Monthly Archives: September 2010

Is Listening Comprehension Influenced by the Cultural Knowledge of the Learners? A Case Study of Iranian EFL pre-intermediate learners

Morteza Bakhtiarvand, Payame Noor University of Andimeshk (PNU), Iran
Somaye Adinevand, Education Department of Andimeshk, Iran

Full manuscript: www.kon.org/urc/v9/Bakhtiarvand.html

Abstract The present study investigated the effect of cultural familiarity in improving Iranian EFL (English as a foreign language) learners’ listening comprehension. To achieve this purpose, a listening comprehension test was administered to three hundred language learners; ultimately one hundred and twenty pre-intermediate language learners were selected and randomly assigned to four groups. The same pre-test was administered to the four groups before any treatment lesson. During the experiment, Group A had exposure to target culture texts in-and out-side the classroom. The participants in Group B had exposure to international target culture texts in-and out-side the classroom. The participants in Group C had exposure to source culture texts in-and out-side the classroom. The participants in Group D had only exposure to culture free texts in-and-out side the classroom. At the end of the experiment, four groups took a post-test which was the same as pre-test to see whether or not there were changes regarding their listening proficiency. The results of the posttest showed that the four groups performed differently on the posttest, which was indicative of the fact that greater familiarity to specific culturally-oriented language listening material promoted the Iranian EFL learners’ listening proficiency.

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Sexual and Reproductive Health of Peking University College Students: An Examination of Sexual and Reproductive Health Education, Beliefs, and Practices

Karen Hong

Full manuscript: www.kon.org/urc/v9/hong.html

Abstract: Understanding the education, beliefs, and practices of Peking University students could potentially help with designing pertinent and effective sexual and reproductive health (SRH) curricula, educating the public about sexual minorities, and removing barriers to accessing SRH services. After a review of The Chinese Journal of Human Sexuality, it was evident that college students’ sources of SRH knowledge, beliefs, and practices were not thoroughly examined within the last year in SRH research. The present study is the first to examine SRH educational resources and preferences of Peking University students, the benefits of Peking University courses on SRH, Peking University student perceptions about sexual minorities, and their barriers to accessing SRH services. A survey was given to 176 Peking University students on SRH, and Excel graphs were compiled to assess their responses. The survey suggested that there are better methods for disseminating information, weak SRH knowledge, little acceptance of sexual minorities, and few attempts to access SRH services. One of the most significant findings included the inaccurate perception of HIV transmission. Eighty-three percent of participants could not answer a particular question about HIV transmission correctly (Graph 10). Also, there was a largely negative perception of HIV-positive people. An overwhelming majority, 71 percent, of participants reported that if they discovered their friend was HIV-positive, it would have a slightly or extremely negative impact on their friendship (Graph 20). These results lend support to the idea that more SRH education is needed to create a more tolerant and informed population of Peking University students.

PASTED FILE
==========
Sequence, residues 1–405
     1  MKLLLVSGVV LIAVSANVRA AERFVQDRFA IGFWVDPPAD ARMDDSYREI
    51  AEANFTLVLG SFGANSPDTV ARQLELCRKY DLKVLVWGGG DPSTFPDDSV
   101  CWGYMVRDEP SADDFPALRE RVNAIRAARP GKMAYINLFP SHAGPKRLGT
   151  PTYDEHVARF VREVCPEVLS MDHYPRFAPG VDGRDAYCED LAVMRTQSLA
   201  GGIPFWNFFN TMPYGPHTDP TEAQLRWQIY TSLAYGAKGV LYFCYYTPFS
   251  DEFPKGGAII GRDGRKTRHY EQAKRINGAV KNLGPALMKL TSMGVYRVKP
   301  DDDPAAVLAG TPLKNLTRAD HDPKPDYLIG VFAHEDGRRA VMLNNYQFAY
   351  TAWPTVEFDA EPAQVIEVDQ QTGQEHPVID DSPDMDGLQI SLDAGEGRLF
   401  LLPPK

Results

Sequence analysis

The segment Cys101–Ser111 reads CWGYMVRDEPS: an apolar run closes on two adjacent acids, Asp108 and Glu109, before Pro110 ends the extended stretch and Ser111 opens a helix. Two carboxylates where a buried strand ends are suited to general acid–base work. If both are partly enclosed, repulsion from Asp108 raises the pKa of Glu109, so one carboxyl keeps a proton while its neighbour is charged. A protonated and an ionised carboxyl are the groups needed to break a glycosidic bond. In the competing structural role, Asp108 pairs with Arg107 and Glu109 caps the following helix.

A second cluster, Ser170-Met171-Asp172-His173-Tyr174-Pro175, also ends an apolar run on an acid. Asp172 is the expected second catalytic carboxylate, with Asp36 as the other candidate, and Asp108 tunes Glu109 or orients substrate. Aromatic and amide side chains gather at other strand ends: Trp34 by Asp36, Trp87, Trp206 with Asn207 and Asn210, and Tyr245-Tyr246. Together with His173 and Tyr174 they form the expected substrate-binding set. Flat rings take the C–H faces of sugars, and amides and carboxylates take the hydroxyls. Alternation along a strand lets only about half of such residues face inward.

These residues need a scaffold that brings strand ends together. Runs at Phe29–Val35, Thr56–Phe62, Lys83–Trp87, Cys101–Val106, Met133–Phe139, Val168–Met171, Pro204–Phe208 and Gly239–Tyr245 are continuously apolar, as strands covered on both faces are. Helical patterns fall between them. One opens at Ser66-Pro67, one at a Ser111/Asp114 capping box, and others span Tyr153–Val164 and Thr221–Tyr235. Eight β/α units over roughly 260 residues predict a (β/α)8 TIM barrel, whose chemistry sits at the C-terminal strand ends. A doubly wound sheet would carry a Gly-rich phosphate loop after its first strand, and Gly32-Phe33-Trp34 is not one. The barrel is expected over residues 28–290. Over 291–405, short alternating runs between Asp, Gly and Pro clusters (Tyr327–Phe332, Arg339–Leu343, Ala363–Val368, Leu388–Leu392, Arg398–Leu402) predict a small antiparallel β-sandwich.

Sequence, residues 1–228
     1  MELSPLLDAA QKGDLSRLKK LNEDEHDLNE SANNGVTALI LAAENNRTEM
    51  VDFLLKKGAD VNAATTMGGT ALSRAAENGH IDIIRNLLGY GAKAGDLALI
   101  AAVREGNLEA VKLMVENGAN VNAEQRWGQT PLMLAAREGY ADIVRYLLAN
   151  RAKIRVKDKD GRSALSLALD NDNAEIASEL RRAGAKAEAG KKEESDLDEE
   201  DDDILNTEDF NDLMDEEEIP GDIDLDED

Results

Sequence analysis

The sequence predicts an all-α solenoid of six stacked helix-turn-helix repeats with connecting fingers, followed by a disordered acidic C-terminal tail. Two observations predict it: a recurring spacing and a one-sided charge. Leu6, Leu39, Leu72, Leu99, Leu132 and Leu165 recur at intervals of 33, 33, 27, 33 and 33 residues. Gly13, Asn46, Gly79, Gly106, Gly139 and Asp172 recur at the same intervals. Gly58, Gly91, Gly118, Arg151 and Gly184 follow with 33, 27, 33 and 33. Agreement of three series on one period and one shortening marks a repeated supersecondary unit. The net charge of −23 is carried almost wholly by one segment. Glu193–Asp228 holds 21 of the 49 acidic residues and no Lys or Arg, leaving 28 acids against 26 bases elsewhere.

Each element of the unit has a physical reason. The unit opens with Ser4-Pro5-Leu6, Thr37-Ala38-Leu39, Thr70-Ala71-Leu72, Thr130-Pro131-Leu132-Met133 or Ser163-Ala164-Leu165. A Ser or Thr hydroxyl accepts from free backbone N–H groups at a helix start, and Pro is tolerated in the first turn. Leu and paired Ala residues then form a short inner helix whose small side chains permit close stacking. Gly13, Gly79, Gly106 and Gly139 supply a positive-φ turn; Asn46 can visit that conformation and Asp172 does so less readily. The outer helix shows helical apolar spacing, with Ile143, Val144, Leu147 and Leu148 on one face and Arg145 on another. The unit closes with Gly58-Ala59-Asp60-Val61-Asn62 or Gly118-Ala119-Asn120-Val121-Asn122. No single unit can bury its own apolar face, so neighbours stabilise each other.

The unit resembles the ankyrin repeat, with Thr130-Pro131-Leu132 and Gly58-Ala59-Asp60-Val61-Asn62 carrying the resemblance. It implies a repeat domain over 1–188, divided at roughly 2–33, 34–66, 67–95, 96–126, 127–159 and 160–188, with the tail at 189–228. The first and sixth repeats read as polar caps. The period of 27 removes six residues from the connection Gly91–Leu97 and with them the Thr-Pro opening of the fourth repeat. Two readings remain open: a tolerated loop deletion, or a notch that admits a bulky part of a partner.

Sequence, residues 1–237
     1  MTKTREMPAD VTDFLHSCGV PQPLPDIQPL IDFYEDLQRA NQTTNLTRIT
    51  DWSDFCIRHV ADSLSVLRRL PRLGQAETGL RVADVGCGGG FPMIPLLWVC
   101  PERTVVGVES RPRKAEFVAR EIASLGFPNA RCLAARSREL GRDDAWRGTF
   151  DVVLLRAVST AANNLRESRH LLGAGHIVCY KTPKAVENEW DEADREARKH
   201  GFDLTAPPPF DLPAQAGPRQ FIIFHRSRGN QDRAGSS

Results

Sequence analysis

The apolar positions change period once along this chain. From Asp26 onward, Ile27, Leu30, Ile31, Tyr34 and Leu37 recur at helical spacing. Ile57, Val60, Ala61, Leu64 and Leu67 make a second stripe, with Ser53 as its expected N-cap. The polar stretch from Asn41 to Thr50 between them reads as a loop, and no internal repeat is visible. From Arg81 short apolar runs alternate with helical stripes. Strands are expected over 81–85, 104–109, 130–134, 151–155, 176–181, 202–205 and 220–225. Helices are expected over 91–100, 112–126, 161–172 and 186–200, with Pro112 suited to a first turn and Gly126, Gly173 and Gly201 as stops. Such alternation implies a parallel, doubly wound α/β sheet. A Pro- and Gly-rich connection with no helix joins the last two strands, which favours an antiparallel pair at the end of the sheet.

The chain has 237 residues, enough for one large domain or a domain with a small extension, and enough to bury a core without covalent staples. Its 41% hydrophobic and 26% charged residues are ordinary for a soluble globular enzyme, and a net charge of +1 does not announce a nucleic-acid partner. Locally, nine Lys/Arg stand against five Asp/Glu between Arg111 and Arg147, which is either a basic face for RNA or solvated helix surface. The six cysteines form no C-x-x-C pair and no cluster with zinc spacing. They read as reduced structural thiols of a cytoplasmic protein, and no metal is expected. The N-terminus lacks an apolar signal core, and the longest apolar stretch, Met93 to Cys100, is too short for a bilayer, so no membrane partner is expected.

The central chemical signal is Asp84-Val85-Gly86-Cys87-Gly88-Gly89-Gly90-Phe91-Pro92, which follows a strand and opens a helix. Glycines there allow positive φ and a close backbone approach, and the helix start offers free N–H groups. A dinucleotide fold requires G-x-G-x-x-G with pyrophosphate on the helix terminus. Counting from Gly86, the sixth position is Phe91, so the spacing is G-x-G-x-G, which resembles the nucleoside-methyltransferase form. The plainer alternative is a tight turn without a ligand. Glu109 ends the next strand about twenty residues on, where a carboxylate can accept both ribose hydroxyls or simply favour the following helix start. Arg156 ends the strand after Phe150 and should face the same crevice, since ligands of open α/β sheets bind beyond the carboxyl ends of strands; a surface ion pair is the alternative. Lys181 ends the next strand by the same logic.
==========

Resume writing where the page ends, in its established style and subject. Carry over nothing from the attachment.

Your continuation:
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Correlates of Protein Intake Among Community Dwelling Older Adults

Meredith E. Sargent and Kelly L. Evola, G. Kevin Randall*, Jeannette Davidson*, Bradley University

Full mauscript: http://www.kon.org/urc/v9/sargent.html

Abstract: Nutritional recommendations, BMI, and quality of life may be uniquely related in a population of older adults. The current recommended dietary allowance (RDA) for dietary protein in older adults is 0.8 g/ kg of body weight per day, but controversy exists as to whether this amount is adequate. Research findings suggest that the protein turnover rate decreases by the age of 70, resulting in a greater need for protein by older adults. In addition, nutritional studies have suggested a lower mortality rate is associated with overweight BMI ranges in older adults. Last, a relationship between nutritional risk and quality of life has been found in community living elderly adults. To date no studies have been found investigating the relationship between protein intake and various physical and mental health correlates, such as quality of life among community dwelling older adults. Using data collected from a convenience sample of this population, who indicated protein intake of 0.8 -1.6 g/kg and BMIs of 25 and over, we investigated the relationship between protein intake, self-rated physical health, and life regard; analyses controlled for age, sex, and marital status.Results from a hierarchical regression analysis showed that a measure of life regard significantly and positively contributed to Protein Intake. This final model explained 49 percent of the variance.

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